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A mansion once again alongside 395

Becky Bosshart
Appeal Staff Writer

STEAMBOAT VALLEY – On 20 rural acres abutting a busy highway, a former professional basketball player and his family have restored a piece of Nevada history to its glory.

But they’re not history buffs. David Wood has a vision for the land that started with renovating a 1875 mansion once occupied by a Nevada governor. He would like to build on the green hills behind the home.

Yes, the noise from the highway is bad, but that won’t matter much in a few years when the freeway is built, taking traffic off the heavily traveled Highway 395, he said.

Interstate 580 from the Mount Rose Highway to north Washoe Valley will be completed by 2009, according to the Nevada Department of Transportation.

After playing 16 years with European teams and the NBA, Wood played with the Bulls alongside Michael Jordan, he has focused on real estate investing. The purchase is an opportunity that he believes will increase in value once the freeway connects between Reno and Carson City.

“History wasn’t our motivation, but now that we’ve done it, it was a labor of love,” Angie Wood said.

The Woods purchased 20205 S. Highway 395 for $1 million in February, which included 19.5 acres. The additional renovation investment: $400,000.

“It would’ve been $600,000, but we did a lot of the work ourselves,” Wood said.

The 131-year-old mansion is the former home of Nevada Gov. John Sparks. It’s an impressive edifice for thousands of passing commuters, even when it’s crumbling, creaking and covered with out-of-season Christmas decorations, which the prior owner was known to do. The ranch home has an asymmetrical facade and bay window, plus classical elements like columns and arched openings.

He is still deciding on what to do with the remaining acreage. Wood has drawn out plans to build a road on the property and possibly construct homes on a one-acre site along it. He said they could sell the mansion in about three years, making them eligible for a tax credit. Angie Wood said this is all under discussion. They could also keep the land and sell it later on.

In its prime, the four-bedroom, 6,000-square-foot mansion was known as the Alamo Ranch house, because Gov. Sparks had a high regard for those who defended the Alamo, Angie Wood said. Sparks died in the home in 1908, possibly in what’s now the Woods’ bedroom.

Troubles of all sizes have confronted the Woods in the last year: Muddy lawn with no cement. Barn owl in the house. Squirrels running lose in the house. One ate their bird. Living without a kitchen when it was getting gutted. Out-of-date interior decoration. The constant sound of traffic whizzing by on Highway 395.

“The hardest part is trying to live in a house while it’s getting renovated,” Angie Wood said.

It’s enough to make a 6-foot-9-inch man slouch a bit lower – especially if he’s stooping under the second-floor door frames, which were built in 1875.

The first thing a visitor notices after stepping over the wide threshold is the sunlit original oak floors inlaid with mahogany, which the Woods said they are happy to have saved.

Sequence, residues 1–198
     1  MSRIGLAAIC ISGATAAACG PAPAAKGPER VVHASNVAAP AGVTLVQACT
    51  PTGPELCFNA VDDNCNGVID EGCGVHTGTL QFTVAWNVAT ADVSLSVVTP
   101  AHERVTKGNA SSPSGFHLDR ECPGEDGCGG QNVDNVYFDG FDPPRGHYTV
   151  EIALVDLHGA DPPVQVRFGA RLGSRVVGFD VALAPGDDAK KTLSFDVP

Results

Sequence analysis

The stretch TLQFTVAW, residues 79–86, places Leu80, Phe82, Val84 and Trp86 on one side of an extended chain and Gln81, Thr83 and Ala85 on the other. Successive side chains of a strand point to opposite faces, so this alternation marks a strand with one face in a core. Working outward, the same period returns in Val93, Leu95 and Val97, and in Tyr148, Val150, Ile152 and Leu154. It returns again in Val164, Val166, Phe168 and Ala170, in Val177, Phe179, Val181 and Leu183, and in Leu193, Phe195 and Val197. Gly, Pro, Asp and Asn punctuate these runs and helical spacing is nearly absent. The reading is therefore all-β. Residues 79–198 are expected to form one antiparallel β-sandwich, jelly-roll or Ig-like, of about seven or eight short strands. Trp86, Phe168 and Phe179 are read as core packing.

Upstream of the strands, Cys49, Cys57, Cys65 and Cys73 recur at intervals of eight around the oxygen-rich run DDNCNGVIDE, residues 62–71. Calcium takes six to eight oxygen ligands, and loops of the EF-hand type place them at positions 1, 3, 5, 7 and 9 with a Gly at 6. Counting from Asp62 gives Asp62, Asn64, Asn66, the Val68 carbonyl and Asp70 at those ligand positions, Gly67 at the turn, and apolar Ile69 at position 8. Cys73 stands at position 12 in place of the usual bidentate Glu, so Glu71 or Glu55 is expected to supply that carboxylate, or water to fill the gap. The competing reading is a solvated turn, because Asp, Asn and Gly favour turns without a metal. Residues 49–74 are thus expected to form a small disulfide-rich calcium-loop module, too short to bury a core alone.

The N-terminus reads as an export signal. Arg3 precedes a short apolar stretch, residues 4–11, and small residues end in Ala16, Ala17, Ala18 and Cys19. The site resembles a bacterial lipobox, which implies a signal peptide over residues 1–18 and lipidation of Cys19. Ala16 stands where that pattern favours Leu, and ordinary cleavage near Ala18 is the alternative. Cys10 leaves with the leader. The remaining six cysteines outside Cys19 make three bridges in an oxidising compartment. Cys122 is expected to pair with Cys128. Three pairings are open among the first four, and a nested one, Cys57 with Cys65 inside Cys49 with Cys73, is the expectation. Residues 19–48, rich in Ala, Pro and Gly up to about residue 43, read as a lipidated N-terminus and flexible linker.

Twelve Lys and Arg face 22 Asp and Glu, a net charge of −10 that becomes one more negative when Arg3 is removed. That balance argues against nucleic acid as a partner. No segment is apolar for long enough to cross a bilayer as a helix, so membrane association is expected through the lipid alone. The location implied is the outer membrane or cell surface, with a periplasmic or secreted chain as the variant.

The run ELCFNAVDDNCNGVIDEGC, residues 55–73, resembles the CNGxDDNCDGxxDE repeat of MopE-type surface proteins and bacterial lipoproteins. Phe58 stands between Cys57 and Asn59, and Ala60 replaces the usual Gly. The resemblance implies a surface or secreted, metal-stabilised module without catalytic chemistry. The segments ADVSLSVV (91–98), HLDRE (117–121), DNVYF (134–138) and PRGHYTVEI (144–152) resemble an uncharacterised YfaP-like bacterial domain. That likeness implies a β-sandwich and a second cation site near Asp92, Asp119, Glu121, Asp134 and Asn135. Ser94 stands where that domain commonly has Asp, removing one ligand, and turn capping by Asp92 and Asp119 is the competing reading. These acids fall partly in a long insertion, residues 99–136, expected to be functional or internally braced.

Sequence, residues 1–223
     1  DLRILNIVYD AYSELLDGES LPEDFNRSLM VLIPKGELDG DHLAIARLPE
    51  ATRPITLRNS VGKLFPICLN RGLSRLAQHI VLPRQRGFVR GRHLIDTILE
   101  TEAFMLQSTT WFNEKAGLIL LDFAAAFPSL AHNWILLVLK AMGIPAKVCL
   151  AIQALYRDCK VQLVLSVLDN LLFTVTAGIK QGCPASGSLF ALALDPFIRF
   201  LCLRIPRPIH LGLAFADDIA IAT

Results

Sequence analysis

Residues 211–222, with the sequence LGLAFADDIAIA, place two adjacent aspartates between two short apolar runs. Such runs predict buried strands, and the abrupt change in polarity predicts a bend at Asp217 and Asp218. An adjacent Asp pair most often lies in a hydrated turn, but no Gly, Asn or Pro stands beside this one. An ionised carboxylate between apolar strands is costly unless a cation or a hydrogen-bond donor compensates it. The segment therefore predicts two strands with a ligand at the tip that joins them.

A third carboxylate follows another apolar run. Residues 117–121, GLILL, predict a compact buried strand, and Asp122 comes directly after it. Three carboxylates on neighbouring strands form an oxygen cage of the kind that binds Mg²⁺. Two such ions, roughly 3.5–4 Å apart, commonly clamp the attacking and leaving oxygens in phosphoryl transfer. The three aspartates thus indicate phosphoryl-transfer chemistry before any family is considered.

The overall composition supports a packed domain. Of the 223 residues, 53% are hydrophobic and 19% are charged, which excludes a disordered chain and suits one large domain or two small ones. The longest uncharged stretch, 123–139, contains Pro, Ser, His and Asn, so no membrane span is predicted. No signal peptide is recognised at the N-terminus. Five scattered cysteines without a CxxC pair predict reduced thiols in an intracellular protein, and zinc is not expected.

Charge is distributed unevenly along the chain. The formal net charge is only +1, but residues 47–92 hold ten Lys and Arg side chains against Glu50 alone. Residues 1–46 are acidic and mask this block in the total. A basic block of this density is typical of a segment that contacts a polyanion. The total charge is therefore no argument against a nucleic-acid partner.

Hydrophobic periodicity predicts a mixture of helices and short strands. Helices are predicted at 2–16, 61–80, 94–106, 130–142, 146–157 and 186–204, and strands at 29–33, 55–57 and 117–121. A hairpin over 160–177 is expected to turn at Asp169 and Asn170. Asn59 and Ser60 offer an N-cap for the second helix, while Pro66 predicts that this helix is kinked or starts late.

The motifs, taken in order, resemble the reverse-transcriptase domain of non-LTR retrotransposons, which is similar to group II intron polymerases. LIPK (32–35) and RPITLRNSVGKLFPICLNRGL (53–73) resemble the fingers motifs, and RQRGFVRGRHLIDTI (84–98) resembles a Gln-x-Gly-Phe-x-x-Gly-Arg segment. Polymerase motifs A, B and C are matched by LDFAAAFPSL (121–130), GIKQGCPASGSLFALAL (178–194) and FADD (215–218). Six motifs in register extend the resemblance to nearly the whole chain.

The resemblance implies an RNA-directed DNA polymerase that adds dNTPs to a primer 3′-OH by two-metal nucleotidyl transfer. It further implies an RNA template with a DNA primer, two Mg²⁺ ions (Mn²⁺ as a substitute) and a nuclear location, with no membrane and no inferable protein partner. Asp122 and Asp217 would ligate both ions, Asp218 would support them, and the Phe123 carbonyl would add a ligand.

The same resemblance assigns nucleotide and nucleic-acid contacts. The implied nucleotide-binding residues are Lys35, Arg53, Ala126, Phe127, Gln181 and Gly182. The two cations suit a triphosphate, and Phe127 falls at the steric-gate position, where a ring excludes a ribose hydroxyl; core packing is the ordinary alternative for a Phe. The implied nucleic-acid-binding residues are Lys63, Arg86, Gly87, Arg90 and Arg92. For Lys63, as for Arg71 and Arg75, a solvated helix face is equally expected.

After about a year of work, they are down to a list of about 19 “need-to-do” items. They’ve still got a wild lawn that needs landscaping. The Woods retained the top of the old ranch water tower, the rest was structurally unsound, to use as a guest house, if the county building department allows them.

The conservatory was updated into the computer network room, complete with a tile fountain and a cupid statuette. The fountain isn’t working yet. Angie said that will come after her fireplace project is completed. She’s piecing together the watercolor tile facade of the family-room fireplace.

One thing the house couldn’t be complete without: three regulation-sized basketball hoops in the detached garage, just perfect for Wood to shoot the “NBA three” from 24 feet.

• Contact reporter Becky Bosshart at bbosshart@nevadaappeal.com or 881-1212.

A brief history of the Sparks Mansion

• Jason C. Smith built the home in 1875 on South Virginia Street and Peckham Lane, back when that was five miles south of Reno. It’s described in historical record as “one of the nicest dwelling houses in Washoe County,” according to the Daily Nevada State Journal, Aug. 5, 1875.

• John Sparks, a Texas cattle farmer, purchased the home in 1887 for $15,000 with 320 acres and without hay and livestock, according to the Reno Evening Gazette. At that time it was three miles outside Reno. Sparks was governor from 1903-1908. He died in the home on May 22, 1908.

• The property passed to a bank in Reno, was then purchased by Joe Miller, of Austin, who then sold the buildings and some acreage to Dr. George H. Thomas for $80,000.

• The home was purchased in May 1911 by William Henry Moffat, a rancher.

• Lincoln Fitzgerald, a casino owner and former mob figure in Detroit, purchased it in 1962 for $500,000.

• Raul and Leslie Hernandez bought it in 1978. The home was then moved from Reno to the southwest corner of Steamboat Valley. Its former location is covered by the Atlantis parking lot.

• Bought by Maxine Woolman, who sells it to David and Angie Wood in February. The home will be featured on KNPB’s “House with a History” in the fall.

– Sources: State archivist Guy Rocha, the National Register of Historic Places Inventory documentation